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The aircraft were grounded following two crashes in Indonesia and Ethiopia that saw a total of 346 people lose their lives. Both incidents are believed to have been caused by the 737 Max’s new Manoeuvering Characteristics Augmentation System (MCAS), an anti-stall measure. Following the March crash, the 737 Max was grounded worldwide while it awaited a software fix and approval from aviation authorities to restart flights. The situation has forced Boeing to use its employee car parks to store some of the jetliners.
During a simulator test last week, the FAA identified another, unrelated safety flaw, which the regulator said Boeing “must mitigate.” While it didn’t elaborate on the problem—it could be a software or hardware issue—Bloomberg’s sources say that “data processing by a flight computer on the jetliner could cause the plane to dive in a way that pilots had difficulty recovering from in simulator tests.”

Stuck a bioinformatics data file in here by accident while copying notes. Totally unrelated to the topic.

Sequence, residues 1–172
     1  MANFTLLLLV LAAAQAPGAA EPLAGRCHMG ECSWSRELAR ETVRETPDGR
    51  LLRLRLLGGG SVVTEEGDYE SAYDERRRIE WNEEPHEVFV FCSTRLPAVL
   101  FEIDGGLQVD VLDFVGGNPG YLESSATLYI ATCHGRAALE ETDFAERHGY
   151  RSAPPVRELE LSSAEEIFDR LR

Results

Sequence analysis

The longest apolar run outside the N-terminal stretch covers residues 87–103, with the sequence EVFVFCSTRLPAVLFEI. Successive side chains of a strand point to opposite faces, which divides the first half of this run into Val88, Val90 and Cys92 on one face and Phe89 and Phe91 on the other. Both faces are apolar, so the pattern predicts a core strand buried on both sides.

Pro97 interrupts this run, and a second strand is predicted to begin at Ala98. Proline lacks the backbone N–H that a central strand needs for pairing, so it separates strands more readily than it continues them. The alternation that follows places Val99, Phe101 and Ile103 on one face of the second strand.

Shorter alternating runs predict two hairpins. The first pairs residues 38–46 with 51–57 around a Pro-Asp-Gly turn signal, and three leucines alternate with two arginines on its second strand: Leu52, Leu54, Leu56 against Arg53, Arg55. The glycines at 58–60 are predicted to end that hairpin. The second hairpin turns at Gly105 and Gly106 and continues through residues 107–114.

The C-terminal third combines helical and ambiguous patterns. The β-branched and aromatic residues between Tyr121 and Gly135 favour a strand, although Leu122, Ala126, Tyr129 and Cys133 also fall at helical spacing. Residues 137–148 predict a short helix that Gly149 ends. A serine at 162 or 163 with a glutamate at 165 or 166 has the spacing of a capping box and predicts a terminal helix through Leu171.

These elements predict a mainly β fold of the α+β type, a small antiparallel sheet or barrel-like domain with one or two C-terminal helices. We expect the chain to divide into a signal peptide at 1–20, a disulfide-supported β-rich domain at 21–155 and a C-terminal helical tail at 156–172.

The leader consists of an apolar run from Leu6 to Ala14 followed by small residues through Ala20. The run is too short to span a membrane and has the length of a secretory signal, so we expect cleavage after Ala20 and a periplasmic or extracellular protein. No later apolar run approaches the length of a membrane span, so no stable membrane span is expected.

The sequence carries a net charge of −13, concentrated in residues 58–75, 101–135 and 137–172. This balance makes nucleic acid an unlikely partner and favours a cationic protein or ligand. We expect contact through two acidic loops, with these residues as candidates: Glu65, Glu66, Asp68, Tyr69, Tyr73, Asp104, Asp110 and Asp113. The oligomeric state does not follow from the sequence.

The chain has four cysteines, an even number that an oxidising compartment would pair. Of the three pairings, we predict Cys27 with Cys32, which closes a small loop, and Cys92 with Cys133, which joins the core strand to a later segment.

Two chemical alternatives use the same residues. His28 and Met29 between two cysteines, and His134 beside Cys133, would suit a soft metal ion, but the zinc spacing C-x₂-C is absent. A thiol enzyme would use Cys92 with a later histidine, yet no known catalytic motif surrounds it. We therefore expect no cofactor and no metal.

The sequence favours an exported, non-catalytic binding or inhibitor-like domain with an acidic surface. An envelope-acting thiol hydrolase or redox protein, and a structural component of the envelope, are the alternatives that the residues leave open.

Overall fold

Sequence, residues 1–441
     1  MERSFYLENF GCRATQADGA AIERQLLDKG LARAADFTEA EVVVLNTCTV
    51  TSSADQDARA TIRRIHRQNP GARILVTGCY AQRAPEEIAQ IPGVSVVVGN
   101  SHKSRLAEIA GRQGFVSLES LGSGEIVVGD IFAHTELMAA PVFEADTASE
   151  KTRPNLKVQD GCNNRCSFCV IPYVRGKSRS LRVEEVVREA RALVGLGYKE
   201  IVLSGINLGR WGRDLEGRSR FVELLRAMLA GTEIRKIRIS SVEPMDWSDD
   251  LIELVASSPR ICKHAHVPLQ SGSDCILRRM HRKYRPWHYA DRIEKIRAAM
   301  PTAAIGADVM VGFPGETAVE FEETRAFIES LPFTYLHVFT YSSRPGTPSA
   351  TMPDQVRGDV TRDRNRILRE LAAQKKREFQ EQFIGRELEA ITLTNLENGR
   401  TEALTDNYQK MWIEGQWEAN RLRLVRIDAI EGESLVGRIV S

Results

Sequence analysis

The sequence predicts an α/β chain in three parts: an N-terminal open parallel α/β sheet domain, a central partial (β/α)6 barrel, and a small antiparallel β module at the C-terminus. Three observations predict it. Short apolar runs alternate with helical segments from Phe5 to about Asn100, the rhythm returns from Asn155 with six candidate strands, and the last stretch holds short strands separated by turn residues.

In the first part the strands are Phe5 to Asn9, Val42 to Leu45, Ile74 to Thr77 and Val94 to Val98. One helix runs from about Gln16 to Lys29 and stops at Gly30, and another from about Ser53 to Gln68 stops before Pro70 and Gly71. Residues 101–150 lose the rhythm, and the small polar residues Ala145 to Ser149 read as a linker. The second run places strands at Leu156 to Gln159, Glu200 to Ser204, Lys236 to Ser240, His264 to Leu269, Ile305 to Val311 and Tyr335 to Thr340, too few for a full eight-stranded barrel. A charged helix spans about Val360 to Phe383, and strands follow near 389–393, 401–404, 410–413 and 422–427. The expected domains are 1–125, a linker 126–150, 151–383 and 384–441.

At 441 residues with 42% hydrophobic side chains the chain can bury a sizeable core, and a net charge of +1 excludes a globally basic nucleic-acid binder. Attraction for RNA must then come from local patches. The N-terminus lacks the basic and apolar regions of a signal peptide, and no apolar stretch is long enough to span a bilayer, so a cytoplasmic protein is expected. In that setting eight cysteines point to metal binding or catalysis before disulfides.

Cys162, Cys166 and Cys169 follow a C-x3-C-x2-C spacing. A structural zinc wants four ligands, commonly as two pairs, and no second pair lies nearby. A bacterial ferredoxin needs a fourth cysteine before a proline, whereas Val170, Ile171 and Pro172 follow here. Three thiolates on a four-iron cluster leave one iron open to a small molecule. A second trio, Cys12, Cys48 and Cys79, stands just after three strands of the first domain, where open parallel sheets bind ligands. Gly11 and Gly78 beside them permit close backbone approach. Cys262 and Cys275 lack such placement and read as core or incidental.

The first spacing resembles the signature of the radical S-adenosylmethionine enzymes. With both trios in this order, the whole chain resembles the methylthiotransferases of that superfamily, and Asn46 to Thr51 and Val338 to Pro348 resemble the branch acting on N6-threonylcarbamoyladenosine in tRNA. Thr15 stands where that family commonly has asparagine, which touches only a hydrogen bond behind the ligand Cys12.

The FAA last month said that the 737 Max jets could receive approval to fly again as soon as late June. But the newly discovered issue means Boeing will not conduct a certification test flight until July 8 at the earliest, after which the FAA will spend at least two to three weeks examining the results before deciding whether the planes can return to service.
“On the most recent issue, the FAA’s process is designed to discover and highlight potential risks. The FAA recently found a potential risk that Boeing must mitigate,” the FAA said in the statement emailed to Reuters. “The FAA will lift the aircraft’s prohibition order when we deem it is safe to do so.”
Boeing said it was “working closely with the FAA to safely return the MAX to service” when asked about the new issue.
American Airlines and Southwest Airlines already canceled flights up until early September due to the grounding. Yesterday, United Airlines said it would not use the 737 Max until September 3.
Image credit: John Patota via Shutterstock